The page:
Roger and Bessie Price

Roger and Bessie Price

Of course, for historians of missionary history this is not at all surprising. Missionaries always harked back to an idea of ‘home’ that was centred around the identity of middle-class, English evangelicals. Indeed, often with little or no formal education, and given no training before being dispatched, missionaries established their ‘respectability’ through their piety, and perhaps more importantly through ‘cultivat[ing] middle-class attitudes’ (according to Neil Gunson, among others). The self-help evangelicalism of missionaries became a common trope in the hagiography of evangelical writings. At the same time ‘the missionary imperial project was central to the construction of Victorian middle-class identity, or at least to one influential version of it’, argues Susan Thorne. Non-conformist piety and evangelical association became the means by which ‘Victorian evangelicals constructed their case for respectability.’ Domesticity and the family were crucial to this process. Manifesting correct domestic relationships was a vital part of middle-class social status.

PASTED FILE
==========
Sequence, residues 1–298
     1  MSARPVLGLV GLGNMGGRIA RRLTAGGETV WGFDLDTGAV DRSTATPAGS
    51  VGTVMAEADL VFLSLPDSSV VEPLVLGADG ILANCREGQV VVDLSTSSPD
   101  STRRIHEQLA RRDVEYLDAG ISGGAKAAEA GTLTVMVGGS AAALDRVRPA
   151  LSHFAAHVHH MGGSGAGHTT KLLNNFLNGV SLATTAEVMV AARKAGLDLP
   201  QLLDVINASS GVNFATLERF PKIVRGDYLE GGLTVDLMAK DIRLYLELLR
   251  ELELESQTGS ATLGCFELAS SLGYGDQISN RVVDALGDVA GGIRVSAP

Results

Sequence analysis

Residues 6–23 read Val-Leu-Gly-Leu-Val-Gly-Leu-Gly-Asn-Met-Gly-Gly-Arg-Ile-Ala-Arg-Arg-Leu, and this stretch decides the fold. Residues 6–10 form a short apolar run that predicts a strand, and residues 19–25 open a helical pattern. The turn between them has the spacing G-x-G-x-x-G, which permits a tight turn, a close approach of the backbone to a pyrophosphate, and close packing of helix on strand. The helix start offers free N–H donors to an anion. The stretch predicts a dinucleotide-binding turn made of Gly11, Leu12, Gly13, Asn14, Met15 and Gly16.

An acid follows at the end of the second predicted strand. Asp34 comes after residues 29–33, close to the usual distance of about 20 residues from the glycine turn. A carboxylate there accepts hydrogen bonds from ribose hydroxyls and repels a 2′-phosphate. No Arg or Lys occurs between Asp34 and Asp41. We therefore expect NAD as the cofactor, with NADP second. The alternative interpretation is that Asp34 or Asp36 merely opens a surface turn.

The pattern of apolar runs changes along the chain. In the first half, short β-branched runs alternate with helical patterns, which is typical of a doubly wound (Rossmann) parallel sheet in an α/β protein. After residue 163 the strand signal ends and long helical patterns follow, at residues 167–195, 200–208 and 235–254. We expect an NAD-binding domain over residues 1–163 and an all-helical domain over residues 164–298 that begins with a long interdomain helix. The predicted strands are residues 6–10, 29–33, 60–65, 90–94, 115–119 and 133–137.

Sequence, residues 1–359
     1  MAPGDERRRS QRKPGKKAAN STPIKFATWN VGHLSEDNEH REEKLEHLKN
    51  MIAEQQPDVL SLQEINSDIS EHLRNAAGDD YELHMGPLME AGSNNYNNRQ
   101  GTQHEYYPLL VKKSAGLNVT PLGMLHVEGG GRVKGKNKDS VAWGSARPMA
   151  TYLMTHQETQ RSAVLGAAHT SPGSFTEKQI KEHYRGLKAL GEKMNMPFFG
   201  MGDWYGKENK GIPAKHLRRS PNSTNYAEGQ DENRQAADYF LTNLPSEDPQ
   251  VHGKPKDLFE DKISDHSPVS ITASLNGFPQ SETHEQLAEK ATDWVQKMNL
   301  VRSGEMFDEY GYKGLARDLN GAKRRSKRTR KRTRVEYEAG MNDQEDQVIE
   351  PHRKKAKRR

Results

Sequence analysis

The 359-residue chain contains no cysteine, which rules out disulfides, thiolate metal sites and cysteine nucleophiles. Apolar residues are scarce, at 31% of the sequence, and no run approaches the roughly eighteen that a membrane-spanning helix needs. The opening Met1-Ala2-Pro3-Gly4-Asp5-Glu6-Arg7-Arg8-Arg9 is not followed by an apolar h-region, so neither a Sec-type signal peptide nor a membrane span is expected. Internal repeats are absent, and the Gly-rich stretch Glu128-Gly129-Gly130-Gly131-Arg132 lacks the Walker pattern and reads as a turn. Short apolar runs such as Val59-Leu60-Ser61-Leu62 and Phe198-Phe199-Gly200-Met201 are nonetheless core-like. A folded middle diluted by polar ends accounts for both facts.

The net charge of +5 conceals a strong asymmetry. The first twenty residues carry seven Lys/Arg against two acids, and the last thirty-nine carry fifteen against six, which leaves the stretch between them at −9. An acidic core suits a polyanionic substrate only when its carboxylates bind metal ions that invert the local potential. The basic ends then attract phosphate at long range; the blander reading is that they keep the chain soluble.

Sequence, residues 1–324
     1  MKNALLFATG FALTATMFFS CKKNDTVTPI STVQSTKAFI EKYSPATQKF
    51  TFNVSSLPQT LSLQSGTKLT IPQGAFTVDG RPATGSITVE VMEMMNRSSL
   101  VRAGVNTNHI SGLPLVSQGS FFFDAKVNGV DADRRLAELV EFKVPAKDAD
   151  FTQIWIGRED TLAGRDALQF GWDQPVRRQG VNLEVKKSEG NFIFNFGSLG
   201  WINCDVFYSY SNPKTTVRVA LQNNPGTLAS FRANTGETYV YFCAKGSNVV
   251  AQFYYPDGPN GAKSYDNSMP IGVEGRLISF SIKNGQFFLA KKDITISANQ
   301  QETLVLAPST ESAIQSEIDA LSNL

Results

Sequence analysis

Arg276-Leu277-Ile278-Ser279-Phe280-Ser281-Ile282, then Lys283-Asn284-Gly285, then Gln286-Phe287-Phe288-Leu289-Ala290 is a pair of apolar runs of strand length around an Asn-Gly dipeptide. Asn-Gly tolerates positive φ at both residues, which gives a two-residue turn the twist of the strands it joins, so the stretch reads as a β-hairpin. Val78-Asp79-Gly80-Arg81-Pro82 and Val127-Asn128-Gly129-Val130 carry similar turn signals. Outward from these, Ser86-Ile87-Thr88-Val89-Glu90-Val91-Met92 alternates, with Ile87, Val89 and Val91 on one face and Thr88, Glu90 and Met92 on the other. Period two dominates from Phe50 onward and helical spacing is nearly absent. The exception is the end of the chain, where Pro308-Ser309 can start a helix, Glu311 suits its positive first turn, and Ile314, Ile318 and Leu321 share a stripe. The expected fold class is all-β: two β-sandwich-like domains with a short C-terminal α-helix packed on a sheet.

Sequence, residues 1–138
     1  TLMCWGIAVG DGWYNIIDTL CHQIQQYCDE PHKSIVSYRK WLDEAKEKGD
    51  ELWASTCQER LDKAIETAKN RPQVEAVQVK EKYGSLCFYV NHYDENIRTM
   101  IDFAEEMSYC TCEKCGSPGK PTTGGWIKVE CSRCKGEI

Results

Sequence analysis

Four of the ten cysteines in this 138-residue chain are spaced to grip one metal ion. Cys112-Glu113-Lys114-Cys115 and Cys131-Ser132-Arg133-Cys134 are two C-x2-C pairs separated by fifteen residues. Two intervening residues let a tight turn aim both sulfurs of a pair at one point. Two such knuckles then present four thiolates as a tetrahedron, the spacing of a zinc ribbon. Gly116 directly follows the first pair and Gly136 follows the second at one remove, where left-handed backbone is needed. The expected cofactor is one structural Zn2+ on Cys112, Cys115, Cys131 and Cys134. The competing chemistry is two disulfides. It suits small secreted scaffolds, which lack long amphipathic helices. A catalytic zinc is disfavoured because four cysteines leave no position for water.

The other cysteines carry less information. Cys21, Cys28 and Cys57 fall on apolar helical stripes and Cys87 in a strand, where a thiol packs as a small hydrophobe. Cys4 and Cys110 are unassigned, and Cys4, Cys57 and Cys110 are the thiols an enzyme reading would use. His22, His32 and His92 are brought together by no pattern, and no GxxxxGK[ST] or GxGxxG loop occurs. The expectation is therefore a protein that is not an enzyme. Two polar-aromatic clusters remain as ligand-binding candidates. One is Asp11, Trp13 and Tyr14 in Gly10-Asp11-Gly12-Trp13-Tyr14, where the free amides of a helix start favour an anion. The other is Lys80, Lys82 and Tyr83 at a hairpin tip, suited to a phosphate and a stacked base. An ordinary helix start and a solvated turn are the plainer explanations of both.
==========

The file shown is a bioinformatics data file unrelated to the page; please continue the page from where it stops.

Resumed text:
The irony of that, was that missionaries so often ruptured the domestic family unit for the sake of that respectability. Bessie Price had spent seven years of her childhood at the boarding school for missionary daughters in England, Walthamstow Hall, and her own children were also educated in England, the eldest four left there when the Price’s first furlough ended in 1879. Providing their children with a respectable education, away from the ‘pernicious’ influence of local children, became quite typical for evangelical missionaries from the mid-century (Walthamstow Hall was founded in 1838, and the boy’s department, later Eltham College, in 1842). Of course, education in England only served to reinforce this ideological reliance on English respectability and class identity.